The Pyloric Sphincteric Cylinder in Health and Disease

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Chapter 27 (page 127)


The main advantages of this method appear to be the following:

  1. Because of the clear images produced by radiography, the diameter and competence of the pylorus may be studied in relation to both duodenal contraction waves and the motility of the pyloric part of the stomach, i.e. the pyloric sphincteric cylinder. Little attention has been paid to duodenogastric reflux in relation to pyloric motility in previous investigations.

  2. If it is assumed that the barium suspension in the duodenal lumen represents duodenal contents, the procedure will determine the presence or absence of reflux of duodenal contents, i.e. of duodenal juice (in contrast to bile only).

  3. No medication (e.g. anticholinergics or cholecystokinin) is administered, thus allowing the study of pyloric competence in the absence of pharmacological modification.

  4. There is no gastric intubation (thus eliminating nausea) and the pylorus is not traversed by a tube (or has been traversed immediately before observation, as in the test of Keighley et al. l975).

  5. The test is quick and simple to perform, and may be followed by a "conventional" upper gastrointestinal radiographic examination.


  1. Radiation to the patient should be considered, but measurements showed that this was minimal and could be discounted since a small (11.0 x 8.0 cm), localized aperture was used, not more than two 11.0 x 8.0 cm film exposures were needed for record purposes, and screening time generally did not exceed 90 to 120 seconds.

  2. In a minority of patients, depending on the direction of the pyloroduodenal axis, it may not be possible to obtain a side view of the duodenum and pylorus, the barium-filled bulb being projected over the pyloric aperture.

  3. The examination is performed in the interdigestive phase and in the supine position only.

  4. While there is no doubt about the ability of the procedure to illustrate the presence or absence of reflux, quantification cannot be accurate as only a rough impression of the quantity of reflux is gained.

Results in Normal Subjects

Having received approval of the Ethical Committee, the test was performed in 14 informed, volunteer, asymptomatic male medical students between the ages of 23 and 27 years. In 9 of the subjects no duodenogastric reflux occurred. In 2 subjects there was minimal reflux on one occasion only (three further "rotating manoeuvres" failed to produce reflux). In 3 subjects moderate reflux occurred. In each it was seen two or three times during four "rotating manoeuvres". One of these subjects was re-tested a week later, with similar results.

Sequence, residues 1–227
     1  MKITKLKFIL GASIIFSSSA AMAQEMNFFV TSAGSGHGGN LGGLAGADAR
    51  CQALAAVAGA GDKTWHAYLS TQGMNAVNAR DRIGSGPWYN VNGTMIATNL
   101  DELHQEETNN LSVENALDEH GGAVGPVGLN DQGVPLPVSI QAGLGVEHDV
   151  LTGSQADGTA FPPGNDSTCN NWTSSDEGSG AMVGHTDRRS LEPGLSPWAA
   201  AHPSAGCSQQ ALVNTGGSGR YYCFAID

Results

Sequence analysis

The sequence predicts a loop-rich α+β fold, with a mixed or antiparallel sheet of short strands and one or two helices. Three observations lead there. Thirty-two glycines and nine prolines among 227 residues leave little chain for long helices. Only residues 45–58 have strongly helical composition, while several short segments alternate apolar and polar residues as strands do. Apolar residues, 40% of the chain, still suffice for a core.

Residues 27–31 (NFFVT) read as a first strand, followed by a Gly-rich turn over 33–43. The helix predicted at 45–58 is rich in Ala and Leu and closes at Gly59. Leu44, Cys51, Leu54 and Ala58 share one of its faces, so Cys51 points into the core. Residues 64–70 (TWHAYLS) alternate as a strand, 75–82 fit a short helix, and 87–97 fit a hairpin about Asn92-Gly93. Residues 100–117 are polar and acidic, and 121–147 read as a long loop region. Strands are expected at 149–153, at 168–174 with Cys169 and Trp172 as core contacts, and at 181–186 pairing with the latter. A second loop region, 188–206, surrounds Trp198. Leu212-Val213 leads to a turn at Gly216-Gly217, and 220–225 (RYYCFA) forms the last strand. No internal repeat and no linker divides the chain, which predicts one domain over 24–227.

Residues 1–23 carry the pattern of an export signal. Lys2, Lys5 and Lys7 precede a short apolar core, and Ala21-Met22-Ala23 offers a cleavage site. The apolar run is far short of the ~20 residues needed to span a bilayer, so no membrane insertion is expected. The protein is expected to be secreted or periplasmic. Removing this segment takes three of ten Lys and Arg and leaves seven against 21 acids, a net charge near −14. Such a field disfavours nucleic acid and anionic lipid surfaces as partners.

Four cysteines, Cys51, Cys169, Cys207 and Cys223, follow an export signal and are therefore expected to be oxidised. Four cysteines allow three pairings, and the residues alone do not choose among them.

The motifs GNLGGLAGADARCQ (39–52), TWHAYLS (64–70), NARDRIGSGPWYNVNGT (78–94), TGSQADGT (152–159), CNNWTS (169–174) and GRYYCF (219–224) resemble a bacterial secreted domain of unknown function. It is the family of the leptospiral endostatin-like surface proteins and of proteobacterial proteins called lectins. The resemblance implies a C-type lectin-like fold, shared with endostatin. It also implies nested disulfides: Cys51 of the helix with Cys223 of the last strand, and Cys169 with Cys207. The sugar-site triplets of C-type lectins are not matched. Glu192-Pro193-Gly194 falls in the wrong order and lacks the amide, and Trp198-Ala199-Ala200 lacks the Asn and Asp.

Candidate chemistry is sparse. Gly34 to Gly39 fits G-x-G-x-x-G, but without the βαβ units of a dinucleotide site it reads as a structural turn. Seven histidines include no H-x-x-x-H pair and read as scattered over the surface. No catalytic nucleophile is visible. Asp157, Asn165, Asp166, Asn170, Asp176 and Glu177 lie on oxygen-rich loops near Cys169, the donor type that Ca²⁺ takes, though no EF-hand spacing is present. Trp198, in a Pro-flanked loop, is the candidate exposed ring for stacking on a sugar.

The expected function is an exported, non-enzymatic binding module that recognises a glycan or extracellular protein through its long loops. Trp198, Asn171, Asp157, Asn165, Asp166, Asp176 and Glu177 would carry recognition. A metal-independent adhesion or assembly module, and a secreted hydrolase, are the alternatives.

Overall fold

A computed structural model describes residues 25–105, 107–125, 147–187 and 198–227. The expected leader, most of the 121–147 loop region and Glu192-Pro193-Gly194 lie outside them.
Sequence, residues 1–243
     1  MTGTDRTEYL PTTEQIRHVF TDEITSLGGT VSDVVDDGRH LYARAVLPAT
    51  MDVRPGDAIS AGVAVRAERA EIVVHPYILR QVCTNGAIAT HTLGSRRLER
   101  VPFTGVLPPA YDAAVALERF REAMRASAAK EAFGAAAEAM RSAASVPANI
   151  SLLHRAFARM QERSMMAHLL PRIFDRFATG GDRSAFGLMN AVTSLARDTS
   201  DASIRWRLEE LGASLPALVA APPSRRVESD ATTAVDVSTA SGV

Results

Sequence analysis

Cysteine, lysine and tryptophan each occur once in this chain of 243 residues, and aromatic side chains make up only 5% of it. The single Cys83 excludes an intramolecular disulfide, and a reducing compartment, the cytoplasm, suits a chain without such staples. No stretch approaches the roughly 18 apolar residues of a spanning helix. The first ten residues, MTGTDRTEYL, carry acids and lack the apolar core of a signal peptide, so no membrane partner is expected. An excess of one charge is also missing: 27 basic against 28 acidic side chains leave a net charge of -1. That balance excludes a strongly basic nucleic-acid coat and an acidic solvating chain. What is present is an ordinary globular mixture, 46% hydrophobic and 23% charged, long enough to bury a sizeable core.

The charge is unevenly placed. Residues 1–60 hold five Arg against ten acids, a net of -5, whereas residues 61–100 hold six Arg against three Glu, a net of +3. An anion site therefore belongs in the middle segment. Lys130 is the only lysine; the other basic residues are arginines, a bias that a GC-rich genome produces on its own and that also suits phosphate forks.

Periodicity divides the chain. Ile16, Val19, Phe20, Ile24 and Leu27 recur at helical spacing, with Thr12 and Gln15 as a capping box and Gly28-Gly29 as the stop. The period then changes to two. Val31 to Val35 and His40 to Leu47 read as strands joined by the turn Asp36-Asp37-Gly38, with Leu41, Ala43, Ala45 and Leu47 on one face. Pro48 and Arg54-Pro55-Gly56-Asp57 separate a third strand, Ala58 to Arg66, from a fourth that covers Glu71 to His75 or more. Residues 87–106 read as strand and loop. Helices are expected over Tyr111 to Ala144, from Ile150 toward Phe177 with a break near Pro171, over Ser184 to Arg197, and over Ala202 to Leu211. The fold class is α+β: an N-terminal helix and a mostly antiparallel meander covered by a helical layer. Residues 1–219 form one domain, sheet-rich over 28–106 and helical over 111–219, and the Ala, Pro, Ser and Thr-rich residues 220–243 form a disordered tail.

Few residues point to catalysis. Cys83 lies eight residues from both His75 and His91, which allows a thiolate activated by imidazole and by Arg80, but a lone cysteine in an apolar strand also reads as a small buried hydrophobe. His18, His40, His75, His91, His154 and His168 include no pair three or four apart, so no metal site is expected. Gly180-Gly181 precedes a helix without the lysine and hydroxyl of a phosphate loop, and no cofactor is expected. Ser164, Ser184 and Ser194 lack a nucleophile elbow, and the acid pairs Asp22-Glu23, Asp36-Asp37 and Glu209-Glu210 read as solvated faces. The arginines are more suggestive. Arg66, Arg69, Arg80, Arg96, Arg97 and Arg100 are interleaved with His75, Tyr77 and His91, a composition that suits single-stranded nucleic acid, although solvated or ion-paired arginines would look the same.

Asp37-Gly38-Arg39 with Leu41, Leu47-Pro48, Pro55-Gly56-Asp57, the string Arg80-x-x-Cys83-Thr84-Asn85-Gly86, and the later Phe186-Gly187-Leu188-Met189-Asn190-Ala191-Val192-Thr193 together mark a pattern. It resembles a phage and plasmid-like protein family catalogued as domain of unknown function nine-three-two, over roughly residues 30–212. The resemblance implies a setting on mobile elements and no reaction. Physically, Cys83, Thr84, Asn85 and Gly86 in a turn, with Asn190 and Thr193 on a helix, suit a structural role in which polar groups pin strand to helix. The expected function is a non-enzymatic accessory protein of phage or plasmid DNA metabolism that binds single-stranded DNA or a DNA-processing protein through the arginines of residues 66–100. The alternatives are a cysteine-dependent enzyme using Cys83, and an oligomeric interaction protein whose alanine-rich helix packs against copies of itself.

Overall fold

Duodenal Motility

In all 14 normal subjects duodenal peristalsis appeared normal on the TV monitor and the duodenum emptied normally. In all there also occurred retrograde movement of barium in the duodenal lumen, which appeared to result from "segmental" contraction waves in the third part of the duodenum. While these contractions did not proceed along the duodenal walls, but remained localized to the third part, they forced barium in an orad direction, at times as far as the bulb; barium in the lumen distal to these contractions was forced in an aborad direction.

In all normal subjects the second part of the duodenum was also compressed as far as possible by means of the gloved hand on the anterior abdominal surface. This did not occlude the lumen completely, did not prevent aborad movement, and did not initiate retrograde movement. The results were the same with and without partial compression of the second part of the duodenum.

Pyloric Motility

As indicated previously (Chap. 3), the muscular part of the pyloric ring is considered to be the terminal annular thickening of the pyloric sphincteric cylinder, as described by Cunningham (1906), Forssell (l913) and Torgersen (l942). The cylinder, which is 3.0 to 4.0 cm in length, normally contracts in a segmental (as opposed to "peristaltic") way (Chap. 13). As the ring forms an inherent part of the cylinder, it closes and opens with contraction and relaxation of the cylinder respectively. In all subjects these contractions were normal. Reflux in the 5 subjects occurred either during maximal relaxation of the sphincteric cylinder, (Fig. 27.2), or when it was in a state of partial contraction (Fig. 27.3). It never occurred during maximal contraction of the cylinder.

Fig. 27.3. Barium filling to show partial contraction of sphincteric cylinder. At this stage the pyloric aperture (arrow) is widely patent

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